Several Latin American countries have announced their forceful reactivation measures, but apparently they would not be enough.
The situation we are experiencing due to the coronavirus will leave Latin America with consequences. The GDP (Gross Domestic Product) of the region will fall an estimated 5.3% in 2020 and will be the worst crisis in its history, according to an analysis by the Economic Commission for Latin America and the Caribbean (ECLAC) regarding the impact of the coronavirus published this Tuesday as reported by the newspaper El País.
Having had to stop economic activities threatens to cause, in turn, an increase of 4.4% in the poverty rate and 2.5% in the incidence of extreme scarcity. In summary, this poverty hole will absorb almost 29 million people.
The jump of previous years regarding unemployment rates will be exponential this 2020, from 186 million poor in 2019, it will go to 214.7 million this year, within this figure, we have people living in extreme poverty who they will go from 67.5 million to 83.4 million.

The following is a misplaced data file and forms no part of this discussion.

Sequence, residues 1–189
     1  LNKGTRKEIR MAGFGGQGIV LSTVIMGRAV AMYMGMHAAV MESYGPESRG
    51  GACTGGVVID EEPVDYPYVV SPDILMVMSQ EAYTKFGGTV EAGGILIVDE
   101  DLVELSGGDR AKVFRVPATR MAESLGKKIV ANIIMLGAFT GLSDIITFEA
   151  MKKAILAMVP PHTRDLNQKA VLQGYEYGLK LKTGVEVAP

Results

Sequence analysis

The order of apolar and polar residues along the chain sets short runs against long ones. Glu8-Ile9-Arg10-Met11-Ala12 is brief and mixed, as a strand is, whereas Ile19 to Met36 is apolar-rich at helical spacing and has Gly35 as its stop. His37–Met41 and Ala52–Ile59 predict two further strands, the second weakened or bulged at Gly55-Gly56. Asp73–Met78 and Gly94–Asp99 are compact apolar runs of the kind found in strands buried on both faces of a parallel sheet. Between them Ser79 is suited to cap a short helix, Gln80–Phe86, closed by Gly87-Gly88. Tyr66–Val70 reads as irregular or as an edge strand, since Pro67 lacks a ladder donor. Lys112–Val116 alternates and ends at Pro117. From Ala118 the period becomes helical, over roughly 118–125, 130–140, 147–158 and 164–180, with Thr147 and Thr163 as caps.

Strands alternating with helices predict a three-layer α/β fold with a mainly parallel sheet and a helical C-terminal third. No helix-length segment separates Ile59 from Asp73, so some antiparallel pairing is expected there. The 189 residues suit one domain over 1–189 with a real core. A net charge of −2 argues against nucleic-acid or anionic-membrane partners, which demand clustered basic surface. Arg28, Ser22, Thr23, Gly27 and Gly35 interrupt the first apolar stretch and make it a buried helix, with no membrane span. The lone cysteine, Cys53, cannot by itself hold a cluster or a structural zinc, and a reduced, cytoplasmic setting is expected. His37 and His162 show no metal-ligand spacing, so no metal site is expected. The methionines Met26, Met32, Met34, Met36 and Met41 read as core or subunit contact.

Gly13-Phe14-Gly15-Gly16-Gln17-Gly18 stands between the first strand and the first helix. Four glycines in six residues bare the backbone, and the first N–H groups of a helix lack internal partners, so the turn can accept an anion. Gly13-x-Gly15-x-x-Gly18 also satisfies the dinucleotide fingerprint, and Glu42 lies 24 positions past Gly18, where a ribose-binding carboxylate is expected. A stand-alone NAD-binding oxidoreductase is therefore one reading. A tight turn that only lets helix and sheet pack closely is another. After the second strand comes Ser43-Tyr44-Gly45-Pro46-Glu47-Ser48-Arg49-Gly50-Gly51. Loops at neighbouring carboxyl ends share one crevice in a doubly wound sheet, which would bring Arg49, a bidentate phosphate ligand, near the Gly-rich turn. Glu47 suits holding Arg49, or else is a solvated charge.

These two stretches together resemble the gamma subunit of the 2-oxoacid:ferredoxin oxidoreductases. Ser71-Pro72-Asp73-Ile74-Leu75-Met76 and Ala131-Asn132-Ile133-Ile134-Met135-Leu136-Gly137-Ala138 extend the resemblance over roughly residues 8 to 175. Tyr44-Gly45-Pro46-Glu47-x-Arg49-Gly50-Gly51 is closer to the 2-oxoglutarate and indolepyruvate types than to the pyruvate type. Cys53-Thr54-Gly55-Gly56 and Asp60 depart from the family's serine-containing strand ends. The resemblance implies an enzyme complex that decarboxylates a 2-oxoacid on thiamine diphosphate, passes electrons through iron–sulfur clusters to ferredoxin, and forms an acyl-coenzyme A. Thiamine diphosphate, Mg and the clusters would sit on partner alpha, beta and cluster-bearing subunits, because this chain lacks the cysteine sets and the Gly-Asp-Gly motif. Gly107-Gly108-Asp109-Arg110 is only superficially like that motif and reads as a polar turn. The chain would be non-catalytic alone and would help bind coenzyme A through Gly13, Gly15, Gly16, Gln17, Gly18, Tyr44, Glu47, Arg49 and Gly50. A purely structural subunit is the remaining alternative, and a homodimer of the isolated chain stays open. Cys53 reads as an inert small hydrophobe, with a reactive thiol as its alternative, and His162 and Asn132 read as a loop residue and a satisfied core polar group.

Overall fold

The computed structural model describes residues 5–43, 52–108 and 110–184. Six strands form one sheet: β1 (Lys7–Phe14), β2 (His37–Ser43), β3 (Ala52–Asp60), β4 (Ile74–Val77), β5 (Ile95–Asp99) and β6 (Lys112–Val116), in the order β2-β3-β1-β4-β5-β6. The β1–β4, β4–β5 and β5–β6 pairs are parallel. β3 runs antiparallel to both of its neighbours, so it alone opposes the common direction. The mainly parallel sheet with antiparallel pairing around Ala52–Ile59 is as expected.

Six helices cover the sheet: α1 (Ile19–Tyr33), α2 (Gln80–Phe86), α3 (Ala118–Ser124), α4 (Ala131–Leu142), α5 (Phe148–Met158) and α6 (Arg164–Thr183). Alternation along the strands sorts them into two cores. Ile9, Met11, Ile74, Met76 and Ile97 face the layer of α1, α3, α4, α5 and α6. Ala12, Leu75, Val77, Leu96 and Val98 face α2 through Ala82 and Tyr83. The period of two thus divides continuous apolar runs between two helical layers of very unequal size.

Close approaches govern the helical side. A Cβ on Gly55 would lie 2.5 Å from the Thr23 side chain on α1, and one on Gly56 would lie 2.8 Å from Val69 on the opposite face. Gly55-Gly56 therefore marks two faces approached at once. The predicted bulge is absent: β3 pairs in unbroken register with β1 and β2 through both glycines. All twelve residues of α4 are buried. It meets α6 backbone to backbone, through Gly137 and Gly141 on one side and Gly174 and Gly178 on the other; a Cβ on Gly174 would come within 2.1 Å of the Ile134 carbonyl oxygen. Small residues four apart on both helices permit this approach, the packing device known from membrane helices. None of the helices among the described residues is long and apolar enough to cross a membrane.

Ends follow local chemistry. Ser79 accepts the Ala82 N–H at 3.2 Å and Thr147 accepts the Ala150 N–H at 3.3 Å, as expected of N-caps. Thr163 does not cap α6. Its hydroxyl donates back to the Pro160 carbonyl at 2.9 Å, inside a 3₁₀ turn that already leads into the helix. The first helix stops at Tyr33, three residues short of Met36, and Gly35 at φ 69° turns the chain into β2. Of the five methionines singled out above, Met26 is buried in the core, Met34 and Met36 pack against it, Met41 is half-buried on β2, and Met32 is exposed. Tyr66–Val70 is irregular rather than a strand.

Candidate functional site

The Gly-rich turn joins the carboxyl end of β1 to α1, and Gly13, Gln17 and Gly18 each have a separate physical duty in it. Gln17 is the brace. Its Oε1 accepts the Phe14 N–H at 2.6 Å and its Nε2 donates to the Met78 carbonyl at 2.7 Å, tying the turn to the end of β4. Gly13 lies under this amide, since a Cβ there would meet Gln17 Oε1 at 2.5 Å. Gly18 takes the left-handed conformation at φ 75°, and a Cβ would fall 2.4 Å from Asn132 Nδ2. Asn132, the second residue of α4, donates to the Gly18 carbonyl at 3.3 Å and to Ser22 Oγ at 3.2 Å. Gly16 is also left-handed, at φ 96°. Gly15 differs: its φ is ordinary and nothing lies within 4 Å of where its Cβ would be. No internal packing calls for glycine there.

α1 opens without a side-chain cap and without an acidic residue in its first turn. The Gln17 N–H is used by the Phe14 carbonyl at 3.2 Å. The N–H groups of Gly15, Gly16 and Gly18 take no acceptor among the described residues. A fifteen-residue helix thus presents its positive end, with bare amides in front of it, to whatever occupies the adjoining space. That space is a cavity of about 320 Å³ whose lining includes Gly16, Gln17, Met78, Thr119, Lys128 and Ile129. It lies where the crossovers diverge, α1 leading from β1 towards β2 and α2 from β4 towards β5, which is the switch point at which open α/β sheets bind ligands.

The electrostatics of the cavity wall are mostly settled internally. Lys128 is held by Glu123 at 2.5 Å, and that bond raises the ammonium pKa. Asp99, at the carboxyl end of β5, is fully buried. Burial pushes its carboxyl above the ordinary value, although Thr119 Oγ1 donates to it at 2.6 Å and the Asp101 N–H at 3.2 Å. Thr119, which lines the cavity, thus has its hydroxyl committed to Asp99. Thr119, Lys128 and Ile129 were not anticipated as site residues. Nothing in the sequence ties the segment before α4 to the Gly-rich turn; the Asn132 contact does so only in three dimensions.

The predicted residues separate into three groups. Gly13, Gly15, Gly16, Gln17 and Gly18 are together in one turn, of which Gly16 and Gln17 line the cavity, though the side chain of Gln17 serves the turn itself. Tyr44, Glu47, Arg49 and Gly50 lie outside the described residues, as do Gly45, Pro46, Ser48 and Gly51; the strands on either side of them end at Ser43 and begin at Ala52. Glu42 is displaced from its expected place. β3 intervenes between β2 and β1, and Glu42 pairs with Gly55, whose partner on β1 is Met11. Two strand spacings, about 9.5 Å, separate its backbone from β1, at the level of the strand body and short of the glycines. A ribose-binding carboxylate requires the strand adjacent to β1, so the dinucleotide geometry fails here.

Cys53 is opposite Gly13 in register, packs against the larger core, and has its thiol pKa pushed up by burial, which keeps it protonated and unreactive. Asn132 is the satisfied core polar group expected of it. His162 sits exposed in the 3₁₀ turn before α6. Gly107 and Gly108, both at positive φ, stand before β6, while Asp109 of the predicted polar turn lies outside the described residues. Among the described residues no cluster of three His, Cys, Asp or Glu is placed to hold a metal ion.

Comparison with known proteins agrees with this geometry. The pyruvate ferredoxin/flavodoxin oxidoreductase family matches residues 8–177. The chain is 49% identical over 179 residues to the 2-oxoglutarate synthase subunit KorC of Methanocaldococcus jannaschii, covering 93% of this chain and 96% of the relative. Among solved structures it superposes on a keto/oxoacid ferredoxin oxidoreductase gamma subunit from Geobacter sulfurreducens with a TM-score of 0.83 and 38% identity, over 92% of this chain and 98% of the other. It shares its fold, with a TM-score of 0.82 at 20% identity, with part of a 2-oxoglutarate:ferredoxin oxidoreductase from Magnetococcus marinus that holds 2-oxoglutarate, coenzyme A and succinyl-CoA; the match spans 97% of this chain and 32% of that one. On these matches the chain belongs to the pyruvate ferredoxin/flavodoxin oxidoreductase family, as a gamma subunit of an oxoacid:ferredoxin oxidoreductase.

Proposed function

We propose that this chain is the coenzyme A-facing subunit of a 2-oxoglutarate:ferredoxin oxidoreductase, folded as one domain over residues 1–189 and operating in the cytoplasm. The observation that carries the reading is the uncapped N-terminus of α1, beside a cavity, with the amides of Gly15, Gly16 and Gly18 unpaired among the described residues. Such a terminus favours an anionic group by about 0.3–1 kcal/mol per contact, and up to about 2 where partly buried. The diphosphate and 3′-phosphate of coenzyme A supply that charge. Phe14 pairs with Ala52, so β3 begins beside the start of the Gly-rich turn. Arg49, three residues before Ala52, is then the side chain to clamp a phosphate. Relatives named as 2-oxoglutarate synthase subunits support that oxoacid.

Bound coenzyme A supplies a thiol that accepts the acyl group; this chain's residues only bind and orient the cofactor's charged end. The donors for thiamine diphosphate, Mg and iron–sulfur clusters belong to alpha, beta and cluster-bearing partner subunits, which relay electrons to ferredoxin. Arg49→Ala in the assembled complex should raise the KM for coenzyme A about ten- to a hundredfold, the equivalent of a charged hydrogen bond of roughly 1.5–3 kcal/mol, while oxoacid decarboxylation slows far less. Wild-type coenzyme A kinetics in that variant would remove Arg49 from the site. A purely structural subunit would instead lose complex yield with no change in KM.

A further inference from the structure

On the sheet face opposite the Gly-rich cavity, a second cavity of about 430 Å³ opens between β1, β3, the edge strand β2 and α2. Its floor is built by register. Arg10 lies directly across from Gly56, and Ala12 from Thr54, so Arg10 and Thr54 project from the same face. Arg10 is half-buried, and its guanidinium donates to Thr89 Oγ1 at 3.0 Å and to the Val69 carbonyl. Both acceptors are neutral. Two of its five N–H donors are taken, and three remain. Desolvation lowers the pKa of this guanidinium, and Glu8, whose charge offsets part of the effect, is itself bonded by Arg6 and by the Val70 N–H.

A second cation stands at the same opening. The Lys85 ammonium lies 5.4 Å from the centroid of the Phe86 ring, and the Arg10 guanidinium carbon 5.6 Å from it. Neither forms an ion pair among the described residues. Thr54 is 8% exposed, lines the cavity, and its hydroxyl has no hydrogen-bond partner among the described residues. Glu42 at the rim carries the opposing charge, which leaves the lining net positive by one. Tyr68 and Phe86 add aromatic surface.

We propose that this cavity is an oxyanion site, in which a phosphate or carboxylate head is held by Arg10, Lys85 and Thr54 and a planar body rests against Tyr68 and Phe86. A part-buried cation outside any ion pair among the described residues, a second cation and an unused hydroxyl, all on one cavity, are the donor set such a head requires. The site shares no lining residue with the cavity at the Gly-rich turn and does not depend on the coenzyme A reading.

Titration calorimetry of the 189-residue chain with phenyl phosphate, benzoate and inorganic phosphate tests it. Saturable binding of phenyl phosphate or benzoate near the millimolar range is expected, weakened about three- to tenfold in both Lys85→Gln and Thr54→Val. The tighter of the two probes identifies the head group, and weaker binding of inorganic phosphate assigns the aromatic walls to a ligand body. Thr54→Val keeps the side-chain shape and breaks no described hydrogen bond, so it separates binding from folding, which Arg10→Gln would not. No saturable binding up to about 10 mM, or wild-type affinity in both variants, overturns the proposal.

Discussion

It is the repercussion of a contraction of 5.3% of GDP is the definitive action for a region that has just closed the five-year period of slowest growth in more than half a century. “Since 2014, the region has grown at averages of 0.4%. The beginning of this crisis will create a very delicate situation for us ”, this is how the ECLAC executive secretary, Alicia Bárcena, warned at a press conference from Santiago de Chile.
Through the fall in international trade, one of the transmission channels for the turbulence will come from abroad. The value of Latin American exports will decrease by 15%, as will the volume of trade, which will contract by 6%. It is the halting of economic activities in China the particular blow to the economies that sell raw materials, such as Brazil, Peru, Chile and Uruguay, with more than 20% of its exports to Asia.
It is true that several Latin American countries have disclosed their forceful reactivation measures , including tax relief and credit guarantees. However, the agency estimates that they will not be enough. “It is not enough with what they are doing and they are going to require more financing,” warned Alicia Bárcena.